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Let's Learn Katakana: Second Book of Basic Japanese Writing Paperback – 1 Dec 1985

4.8 out of 5 stars 22 customer reviews

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Paperback, 1 Dec 1985
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Product details

  • Paperback: 88 pages
  • Publisher: Kodansha America, Inc; First Edition edition (1 Dec. 1985)
  • Language: English
  • ISBN-10: 087011719X
  • ISBN-13: 978-0870117190
  • Product Dimensions: 27.4 x 0.8 x 20.8 cm
  • Average Customer Review: 4.8 out of 5 stars  See all reviews (22 customer reviews)
  • Amazon Bestsellers Rank: 621,795 in Books (See Top 100 in Books)

Customer Reviews

4.8 out of 5 stars
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Top Customer Reviews

By A Customer on 28 Aug. 2003
Format: Paperback
This is a slimmish textbook which focusses on both how to draw katakana, including stroke order, and when to use them- they're not just for foreign loan words as I had believed. It also mentions how the katakana were derived and why. It does NOT, however, include mnemonics or pictures to help you commit them to memory, and will not assist you in learning the alphabet quickly except by repetition and exercises. It also refers fairly often to its sister book on hiragana, which it recommends you study before katakana. This author is obviously respected as it's a recommended text for my university course. Good for more in-depth study of katakana- I didn't realise they were so useful!
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This is a great follow up book from Mitamura's first book "Lets Learn Hiragana". This teaches the Katakana writing system in the same way the fisrt book taught Hiragana. That considered if you liked the first book then you will like this one too. The book is slightly thicker than the first and truth be told it didnt need be. Once i was Three Quarters through the book i had already mastered Katakana. However this book also teaches the uses of katakana (onomatapeia,telegrams,foriegn words etc.) which is also very important.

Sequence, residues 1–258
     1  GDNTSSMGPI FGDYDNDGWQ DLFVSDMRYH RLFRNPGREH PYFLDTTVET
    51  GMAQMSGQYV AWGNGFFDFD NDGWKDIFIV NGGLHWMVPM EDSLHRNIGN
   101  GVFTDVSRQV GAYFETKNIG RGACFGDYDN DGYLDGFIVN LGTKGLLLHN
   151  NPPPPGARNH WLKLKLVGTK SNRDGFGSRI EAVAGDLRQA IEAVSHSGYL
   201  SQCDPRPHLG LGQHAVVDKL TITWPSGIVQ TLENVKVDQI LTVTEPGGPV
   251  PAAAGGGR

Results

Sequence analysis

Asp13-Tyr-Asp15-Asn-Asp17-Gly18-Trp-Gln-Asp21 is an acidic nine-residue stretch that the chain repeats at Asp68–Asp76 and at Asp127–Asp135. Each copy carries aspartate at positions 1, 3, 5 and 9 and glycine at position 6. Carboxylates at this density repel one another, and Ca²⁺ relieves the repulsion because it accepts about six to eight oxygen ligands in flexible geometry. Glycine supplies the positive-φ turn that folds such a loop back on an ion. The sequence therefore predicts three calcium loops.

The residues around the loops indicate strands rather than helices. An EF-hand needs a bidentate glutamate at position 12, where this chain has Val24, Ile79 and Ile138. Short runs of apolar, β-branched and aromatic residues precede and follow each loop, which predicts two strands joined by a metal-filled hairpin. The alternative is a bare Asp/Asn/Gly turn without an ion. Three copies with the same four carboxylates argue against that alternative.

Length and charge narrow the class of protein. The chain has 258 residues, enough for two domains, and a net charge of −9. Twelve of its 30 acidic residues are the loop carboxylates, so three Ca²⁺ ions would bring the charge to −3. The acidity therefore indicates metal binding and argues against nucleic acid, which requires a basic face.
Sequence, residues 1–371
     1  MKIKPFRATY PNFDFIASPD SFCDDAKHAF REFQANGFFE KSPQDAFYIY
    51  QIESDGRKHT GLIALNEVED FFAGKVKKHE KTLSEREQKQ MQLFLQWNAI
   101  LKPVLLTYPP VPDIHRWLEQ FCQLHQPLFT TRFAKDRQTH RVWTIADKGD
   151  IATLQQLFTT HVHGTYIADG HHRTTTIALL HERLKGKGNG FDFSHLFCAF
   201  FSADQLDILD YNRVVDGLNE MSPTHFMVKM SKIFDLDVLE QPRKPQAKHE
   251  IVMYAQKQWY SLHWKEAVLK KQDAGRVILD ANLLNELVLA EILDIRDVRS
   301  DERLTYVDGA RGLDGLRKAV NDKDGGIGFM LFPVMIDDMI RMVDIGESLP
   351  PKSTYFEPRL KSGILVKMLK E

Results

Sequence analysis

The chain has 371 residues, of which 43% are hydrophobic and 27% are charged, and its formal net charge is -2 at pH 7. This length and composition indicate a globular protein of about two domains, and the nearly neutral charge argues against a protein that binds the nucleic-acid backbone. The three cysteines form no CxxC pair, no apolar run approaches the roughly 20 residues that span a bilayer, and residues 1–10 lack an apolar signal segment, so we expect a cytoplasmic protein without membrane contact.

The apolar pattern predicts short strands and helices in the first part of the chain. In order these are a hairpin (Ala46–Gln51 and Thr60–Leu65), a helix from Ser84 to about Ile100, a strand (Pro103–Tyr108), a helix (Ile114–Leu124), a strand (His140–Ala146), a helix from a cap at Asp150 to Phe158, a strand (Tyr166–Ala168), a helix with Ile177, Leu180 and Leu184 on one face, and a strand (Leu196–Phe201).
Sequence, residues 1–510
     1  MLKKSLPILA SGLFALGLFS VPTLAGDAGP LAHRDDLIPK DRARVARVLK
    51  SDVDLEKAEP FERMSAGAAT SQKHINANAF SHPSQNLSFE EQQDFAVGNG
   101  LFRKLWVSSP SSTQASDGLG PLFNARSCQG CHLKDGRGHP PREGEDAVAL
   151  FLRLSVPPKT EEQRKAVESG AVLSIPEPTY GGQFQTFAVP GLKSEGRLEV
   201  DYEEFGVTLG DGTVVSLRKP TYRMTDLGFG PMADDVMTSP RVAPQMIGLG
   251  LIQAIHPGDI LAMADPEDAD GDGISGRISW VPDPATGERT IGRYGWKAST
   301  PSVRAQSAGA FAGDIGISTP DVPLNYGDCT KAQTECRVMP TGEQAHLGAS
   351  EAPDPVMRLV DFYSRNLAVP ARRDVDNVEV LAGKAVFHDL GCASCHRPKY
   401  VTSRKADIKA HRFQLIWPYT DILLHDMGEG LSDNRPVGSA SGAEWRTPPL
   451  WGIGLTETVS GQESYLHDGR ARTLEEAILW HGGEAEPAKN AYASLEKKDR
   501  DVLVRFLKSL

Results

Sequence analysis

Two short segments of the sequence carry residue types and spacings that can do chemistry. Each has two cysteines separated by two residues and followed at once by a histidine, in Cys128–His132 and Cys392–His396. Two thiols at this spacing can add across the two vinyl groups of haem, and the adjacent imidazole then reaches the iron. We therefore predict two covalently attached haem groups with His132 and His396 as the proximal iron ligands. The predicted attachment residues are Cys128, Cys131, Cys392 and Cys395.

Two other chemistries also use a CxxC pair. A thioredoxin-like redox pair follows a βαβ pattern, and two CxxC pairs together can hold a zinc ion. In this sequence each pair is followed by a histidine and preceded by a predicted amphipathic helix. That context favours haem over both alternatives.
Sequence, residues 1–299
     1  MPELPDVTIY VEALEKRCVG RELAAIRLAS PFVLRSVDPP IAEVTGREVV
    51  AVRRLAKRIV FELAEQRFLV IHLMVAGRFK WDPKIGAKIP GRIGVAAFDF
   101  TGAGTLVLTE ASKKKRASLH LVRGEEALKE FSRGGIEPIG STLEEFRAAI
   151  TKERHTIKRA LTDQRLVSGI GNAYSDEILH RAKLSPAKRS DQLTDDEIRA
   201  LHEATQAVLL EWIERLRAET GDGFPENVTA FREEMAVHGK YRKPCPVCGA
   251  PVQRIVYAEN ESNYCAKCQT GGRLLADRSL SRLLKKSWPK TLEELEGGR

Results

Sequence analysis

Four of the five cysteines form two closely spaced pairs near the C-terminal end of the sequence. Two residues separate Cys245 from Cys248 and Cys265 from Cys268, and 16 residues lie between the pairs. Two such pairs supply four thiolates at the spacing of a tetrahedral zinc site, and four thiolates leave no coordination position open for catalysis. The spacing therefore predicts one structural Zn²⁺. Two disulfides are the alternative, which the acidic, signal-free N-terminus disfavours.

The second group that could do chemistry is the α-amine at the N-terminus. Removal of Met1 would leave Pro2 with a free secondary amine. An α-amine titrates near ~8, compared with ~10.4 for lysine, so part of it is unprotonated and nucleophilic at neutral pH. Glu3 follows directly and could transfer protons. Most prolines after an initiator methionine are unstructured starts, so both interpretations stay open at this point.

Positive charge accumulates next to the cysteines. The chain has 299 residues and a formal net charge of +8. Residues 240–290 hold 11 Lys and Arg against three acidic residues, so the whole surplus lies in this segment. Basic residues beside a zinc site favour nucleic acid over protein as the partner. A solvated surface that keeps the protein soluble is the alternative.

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By A Customer on 17 Feb. 2004
Format: Paperback
before I started to read this book I only though that Katakana was used for words borrow for other countries. so with that in mind I was quite shock to find out how wrong I actually was. it is use for many more things then you would expect like names on animals and plantes. I would recomment though that you at least know Hiragana before you read this one, to get a more easy way to understand it, and it has all what you need to know like it's sisterbook "Let's learn Hiragana"
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Bought this after the Hiragana book . Its the same set up, but a bit faster in pace. Very helpful to go through the same writing exercises as you know what to expect. But I found I needed some of the online apps you can get to 'picture' what each letter should look like - to stop me confusing the two letter sets in my mind.
Im still very much a beginner and would recommend this.
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Format: Paperback
This is the second istalment in a three-volume series about Japanese writing.